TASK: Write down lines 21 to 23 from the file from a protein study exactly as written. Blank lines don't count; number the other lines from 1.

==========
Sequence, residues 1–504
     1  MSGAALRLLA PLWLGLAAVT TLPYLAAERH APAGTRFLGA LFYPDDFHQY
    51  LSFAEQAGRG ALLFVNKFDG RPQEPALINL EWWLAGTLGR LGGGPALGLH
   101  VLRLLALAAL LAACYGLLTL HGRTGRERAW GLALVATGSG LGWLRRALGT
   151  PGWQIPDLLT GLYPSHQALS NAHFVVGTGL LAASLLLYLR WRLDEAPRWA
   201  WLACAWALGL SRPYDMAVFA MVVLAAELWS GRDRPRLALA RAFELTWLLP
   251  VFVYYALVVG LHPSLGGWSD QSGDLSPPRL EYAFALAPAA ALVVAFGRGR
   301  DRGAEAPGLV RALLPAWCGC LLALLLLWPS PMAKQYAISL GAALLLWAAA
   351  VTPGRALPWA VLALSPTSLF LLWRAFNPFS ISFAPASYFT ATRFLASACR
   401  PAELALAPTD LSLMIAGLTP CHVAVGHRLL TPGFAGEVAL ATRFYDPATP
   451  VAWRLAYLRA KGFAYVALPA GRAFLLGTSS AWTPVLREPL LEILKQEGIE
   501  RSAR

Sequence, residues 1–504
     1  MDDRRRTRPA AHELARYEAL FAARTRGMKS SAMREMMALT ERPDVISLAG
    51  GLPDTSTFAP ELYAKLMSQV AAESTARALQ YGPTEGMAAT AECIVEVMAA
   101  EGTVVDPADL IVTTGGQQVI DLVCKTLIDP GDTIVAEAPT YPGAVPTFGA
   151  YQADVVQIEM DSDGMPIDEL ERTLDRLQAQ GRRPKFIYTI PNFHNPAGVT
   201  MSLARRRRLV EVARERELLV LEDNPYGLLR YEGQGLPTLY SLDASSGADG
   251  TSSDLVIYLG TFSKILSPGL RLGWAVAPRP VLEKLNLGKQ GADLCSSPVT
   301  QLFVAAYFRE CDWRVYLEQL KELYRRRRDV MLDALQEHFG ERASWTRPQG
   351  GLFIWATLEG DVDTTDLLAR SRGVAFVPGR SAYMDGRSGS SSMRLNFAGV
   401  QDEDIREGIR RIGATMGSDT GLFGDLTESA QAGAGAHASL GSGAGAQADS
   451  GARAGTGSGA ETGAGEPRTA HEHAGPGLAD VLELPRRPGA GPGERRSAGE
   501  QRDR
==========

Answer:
   351  GLFIWATLEG DVDTTDLLAR SRGVAFVPGR SAYMDGRSGS SSMRLNFAGV
   401  QDEDIREGIR RIGATMGSDT GLFGDLTESA QAGAGAHASL GSGAGAQADS
   451  GARAGTGSGA ETGAGEPRTA HEHAGPGLAD VLELPRRPGA GPGERRSAGE